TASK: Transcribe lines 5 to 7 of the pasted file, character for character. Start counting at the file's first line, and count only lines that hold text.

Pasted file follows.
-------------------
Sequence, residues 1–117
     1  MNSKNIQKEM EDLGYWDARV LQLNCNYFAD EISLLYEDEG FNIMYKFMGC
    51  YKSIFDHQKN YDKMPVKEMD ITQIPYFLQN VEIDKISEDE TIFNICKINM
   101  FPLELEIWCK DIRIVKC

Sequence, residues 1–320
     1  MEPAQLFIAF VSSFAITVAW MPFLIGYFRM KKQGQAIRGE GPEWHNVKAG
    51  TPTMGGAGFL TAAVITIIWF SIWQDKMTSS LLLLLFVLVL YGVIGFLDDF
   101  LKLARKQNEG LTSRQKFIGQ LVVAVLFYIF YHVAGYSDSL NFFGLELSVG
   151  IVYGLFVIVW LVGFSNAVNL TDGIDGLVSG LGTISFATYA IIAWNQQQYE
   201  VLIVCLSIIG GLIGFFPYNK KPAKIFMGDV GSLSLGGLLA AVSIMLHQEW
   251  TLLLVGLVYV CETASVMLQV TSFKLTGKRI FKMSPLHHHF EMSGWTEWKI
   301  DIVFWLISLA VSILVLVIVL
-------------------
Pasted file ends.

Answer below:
Sequence, residues 1–320
     1  MEPAQLFIAF VSSFAITVAW MPFLIGYFRM KKQGQAIRGE GPEWHNVKAG
    51  TPTMGGAGFL TAAVITIIWF SIWQDKMTSS LLLLLFVLVL YGVIGFLDDF